An Extremely Rare Pair of Cameo Glass Vases by La Compagnie des Cristalleries de Baccarat.
The vases are etched on opposing sides with classical figures of Dionysus and Ariadne and anthemion decoration bordered by Greek-key and leaf-tip banding, heightened in gilt. The blocked out background of the motifs, the half-tone effects and the satin finish represent the most refined and elaborate of etching techniques.
For the 1867 Exposition Universelle, Baccarat prepared a series of vases based on the cult of Bacchus, using neo-classical figurative motifs inspired by antique bas-reliefs and the Borghesi vase in the Louvre. The vases were made from opaline glass cased in cobalt blue or amber, a process whereby two layers of differently coloured crystal were overlaid then etched or cut to reveal the design. Also included in this series was a related punch bowl cased with blue crystal now in the Corning Museum of Glass, New York, and a pair of similar cameo vases with amber etchings, illustrated by Jean-Louis Curtis, in his book ‘Baccarat’, p.246.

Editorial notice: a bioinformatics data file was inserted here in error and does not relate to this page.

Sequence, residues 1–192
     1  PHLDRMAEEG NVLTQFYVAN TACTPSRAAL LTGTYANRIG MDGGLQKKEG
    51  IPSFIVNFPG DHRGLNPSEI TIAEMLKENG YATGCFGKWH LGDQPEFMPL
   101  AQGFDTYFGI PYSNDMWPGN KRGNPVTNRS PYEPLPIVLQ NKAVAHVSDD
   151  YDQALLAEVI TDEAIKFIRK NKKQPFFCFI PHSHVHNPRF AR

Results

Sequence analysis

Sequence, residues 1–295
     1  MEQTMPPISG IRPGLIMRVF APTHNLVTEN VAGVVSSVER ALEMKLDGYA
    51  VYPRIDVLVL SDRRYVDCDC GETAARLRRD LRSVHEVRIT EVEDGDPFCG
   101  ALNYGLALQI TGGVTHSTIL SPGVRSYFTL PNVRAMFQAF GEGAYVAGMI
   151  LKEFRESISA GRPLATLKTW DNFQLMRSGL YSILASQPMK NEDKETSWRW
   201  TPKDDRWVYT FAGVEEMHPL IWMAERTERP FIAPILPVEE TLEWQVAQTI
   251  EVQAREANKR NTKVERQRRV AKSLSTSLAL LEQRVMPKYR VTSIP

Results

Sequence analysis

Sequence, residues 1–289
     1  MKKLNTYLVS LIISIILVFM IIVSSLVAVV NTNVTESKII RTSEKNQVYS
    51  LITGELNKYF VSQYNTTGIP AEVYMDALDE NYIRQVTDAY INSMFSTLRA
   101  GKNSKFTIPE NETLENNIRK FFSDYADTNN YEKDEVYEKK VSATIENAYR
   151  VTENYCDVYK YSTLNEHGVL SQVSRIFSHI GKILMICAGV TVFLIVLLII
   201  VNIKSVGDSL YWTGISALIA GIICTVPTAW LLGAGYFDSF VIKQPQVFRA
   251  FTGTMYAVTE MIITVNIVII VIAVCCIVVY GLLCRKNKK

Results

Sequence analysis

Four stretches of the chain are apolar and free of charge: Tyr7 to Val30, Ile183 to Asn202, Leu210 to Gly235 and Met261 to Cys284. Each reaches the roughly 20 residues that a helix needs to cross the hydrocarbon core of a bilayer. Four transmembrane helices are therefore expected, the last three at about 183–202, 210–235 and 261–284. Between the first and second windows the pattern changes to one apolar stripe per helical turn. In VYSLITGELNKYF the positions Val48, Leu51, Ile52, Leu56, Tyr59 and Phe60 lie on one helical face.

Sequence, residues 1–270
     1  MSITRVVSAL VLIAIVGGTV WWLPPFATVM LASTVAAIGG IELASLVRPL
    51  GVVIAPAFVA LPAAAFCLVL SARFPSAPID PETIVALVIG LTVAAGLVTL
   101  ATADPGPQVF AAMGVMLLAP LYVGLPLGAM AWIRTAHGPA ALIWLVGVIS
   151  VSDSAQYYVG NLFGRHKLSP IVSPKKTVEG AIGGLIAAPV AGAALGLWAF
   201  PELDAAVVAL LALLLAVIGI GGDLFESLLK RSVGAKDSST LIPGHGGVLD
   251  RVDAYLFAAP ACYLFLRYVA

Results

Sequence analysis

A single example of this vase or wine cooler is in the collection of the Portland Museum of Art, Maine. Bequest of Sylvia D. Greenberg, 2002.11.141.
Baccarat is the world’s leading manufacturer of crystalware. Founded in 1764 under the patronage of Louis XV as Renault et Compagnie, the firm became known as the Compagnie des Cristalleries de Baccarat during the nineteenth Century.
The company began to flourish at the beginning of the Nineteenth Century, as the effects of the Napoleonic Wars abated, and its reputation was consolidated by the official approval from various sovereigns and heads of state. At the 1823 Exposition Nationale in Paris, it was Baccarat’s crystalware that Louis XVIII was said to have particularly admired, appreciating its ‘beautiful workmanship’.